In an article in today’s Vancouver Sun (“Seven mayors weigh in–The case for funding public transit”, October 4, 2011), seven regional mayors weighed in on the importance of public transit infrastructure to the Metro Vancouver region: Dianne Watts (Surrey), Peter Fassbender (Langley), Richard Walton (District of North Vancouver), Gregor Robertson (Vancouver), Pamela Goldsmith-Jones (West Vancouver), Greg Moore (Port Coquitlam), and Richard Stewart (Coquitlam). This Friday, the Mayors’ Council on Regional Transportation, made up of 22 elected officials from around the region, votes on TransLink’s Moving Forward Supplemental Plan. The proposal includes a 2 cent-per-litre gas tax that will require provincial approval, a new joint long-term funding proposal approved by the Mayor’s Council and the province, and a temporary property tax increase that will cost about $23 per household for 2013-2014. Transit improvements include the Evergreen Line construction, improvements to existing SkyTrain stations, and service improvements in Langley and Surrey. If the plan passes, Minister of Transportation Blair Lekstrom has said that he will introduce legislation this fall enabling the gas tax by April 2012.
The mayors cite increased traffic levels and the 19.6 percent jump in transit ridership from June 2010 to July 2011 (due to transportation mode shifts during the Olympics) as proof that the region is overdue for transit improvements. 2011-2012 is shaping up to be another record year. They also reflect on the vision of previous leaders, who in 1980 struggled with the concept of rapid transit lines but eventually decided in favour of them. Clearly, they see themselves in sync with the region’s early strides towards sustainability.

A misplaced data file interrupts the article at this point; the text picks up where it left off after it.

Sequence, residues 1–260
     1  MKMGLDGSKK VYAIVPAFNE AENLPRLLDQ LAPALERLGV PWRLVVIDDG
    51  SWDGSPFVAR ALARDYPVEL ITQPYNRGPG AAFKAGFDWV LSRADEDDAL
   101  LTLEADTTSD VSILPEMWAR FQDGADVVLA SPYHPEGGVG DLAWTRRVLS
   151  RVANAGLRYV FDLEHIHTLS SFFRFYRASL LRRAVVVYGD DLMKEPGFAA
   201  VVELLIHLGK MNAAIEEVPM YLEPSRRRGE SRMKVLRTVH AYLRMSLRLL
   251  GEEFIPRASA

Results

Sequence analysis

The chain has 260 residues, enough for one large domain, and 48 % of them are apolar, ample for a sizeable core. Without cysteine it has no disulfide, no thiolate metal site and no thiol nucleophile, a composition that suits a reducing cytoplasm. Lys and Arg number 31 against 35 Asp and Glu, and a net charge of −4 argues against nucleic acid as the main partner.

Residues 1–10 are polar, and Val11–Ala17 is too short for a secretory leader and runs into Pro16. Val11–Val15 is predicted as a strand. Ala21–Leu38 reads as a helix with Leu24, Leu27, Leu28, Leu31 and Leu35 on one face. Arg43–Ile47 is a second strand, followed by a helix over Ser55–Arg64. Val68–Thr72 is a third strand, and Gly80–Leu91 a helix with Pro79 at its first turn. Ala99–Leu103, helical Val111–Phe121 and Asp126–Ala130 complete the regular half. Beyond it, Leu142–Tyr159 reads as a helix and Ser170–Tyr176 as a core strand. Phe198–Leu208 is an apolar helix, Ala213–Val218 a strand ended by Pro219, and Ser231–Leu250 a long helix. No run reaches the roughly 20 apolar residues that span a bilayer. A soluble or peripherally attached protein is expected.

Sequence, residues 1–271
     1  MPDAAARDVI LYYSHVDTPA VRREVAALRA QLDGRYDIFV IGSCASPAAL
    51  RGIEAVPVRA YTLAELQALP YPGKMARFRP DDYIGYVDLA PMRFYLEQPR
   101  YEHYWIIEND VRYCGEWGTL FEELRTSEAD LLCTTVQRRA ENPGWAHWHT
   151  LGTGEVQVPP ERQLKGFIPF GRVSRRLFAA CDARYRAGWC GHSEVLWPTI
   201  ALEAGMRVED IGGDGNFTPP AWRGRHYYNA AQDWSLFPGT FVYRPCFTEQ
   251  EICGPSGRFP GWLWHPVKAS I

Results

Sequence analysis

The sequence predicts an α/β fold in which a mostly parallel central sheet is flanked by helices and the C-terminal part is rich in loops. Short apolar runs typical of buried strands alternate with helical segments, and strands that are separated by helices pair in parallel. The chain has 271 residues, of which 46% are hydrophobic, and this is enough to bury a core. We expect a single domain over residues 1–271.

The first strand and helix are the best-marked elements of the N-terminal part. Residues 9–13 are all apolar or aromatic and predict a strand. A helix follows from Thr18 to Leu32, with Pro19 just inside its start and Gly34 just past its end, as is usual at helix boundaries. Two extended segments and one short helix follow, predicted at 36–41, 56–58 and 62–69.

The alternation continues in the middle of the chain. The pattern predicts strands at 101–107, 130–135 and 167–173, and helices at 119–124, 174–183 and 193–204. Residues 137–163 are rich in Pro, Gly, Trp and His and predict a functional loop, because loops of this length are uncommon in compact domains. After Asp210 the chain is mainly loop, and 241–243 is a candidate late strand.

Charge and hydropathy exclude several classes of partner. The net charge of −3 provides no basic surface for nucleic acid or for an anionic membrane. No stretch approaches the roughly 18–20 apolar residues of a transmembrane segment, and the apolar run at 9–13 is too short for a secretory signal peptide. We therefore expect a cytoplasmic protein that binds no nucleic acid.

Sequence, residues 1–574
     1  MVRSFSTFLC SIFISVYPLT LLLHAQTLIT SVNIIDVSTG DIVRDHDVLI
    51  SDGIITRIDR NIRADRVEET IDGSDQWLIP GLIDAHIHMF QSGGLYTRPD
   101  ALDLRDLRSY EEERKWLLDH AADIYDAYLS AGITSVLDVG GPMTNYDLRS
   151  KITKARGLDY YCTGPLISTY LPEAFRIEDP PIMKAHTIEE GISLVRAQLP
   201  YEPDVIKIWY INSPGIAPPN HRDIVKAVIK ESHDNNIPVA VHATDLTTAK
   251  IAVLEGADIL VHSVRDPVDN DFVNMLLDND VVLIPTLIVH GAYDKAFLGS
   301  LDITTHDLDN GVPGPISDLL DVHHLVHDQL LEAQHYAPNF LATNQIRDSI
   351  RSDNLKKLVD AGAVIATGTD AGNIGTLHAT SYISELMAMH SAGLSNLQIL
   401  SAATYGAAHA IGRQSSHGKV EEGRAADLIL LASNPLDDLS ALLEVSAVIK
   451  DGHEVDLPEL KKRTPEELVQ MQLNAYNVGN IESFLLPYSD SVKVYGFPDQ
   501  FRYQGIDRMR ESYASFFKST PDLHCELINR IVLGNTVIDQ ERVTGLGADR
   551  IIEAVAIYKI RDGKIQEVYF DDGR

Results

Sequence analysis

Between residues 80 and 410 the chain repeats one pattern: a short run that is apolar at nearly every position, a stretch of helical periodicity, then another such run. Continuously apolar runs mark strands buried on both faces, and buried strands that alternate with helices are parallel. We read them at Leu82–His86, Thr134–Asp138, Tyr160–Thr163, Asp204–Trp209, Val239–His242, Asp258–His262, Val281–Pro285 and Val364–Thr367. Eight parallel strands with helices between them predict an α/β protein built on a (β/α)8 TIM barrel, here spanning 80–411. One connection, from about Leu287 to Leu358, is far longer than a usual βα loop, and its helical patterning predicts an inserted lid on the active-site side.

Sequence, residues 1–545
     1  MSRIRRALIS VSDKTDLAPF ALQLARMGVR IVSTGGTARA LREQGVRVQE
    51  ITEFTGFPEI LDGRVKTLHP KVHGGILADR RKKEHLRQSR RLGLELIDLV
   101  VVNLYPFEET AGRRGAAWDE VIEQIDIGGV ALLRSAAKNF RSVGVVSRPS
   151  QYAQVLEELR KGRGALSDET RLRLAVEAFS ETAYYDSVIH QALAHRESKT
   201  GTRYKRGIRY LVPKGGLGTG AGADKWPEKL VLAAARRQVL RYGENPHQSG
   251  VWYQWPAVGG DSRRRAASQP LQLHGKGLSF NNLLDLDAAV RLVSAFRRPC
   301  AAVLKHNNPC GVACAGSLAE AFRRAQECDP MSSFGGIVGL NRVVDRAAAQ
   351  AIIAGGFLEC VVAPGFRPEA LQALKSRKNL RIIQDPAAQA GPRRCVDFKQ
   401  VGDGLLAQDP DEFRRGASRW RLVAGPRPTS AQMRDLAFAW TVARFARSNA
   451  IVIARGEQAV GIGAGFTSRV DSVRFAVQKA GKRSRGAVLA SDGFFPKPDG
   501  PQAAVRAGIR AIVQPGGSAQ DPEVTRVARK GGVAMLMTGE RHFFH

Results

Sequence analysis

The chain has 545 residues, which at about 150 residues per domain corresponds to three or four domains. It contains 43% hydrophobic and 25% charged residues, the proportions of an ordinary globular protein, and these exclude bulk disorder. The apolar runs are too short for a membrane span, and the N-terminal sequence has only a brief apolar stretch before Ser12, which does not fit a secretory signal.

“We have had the debate. Now we must move from words to deeds. The decision we make on Friday will forge the path Greater Vancouver so badly needs. Passing the 2012 Supplemental Plan is the right decision for Metro Vancouver’s transportation system, economy, and future livability.” –Dianne Watts, Peter Fassbender, Richard Walton, Gregor Robertson, Pamela Goldsmith-Jones, Greg Moore, and Richard Stewart
However, the municipalities of Burnaby, Richmond, the City of North Vancouver, Delta, and Langley Township have said they will probably vote against the plan. This is surprising considering TransLink’s extensive public consultation during the creation of Moving Forward showed that 80% of those consulted agreed with the proposed improvements and 75% said the Evergreen Line was important in reaching the goals outlined in Transport 2040, the regional transportation strategy. It’s also surprising considering Burnaby and Richmond have both been big winners in terms of transit infrastructure: the three existing LRT lines have paid off for them. With municipal elections a mere five weeks away (November 16th), the stakes are high; yet the stakes for the region have never been higher.
Update: The Mayors’ Council voted to support the Moving Forward Plan with 70% support from its 22 members.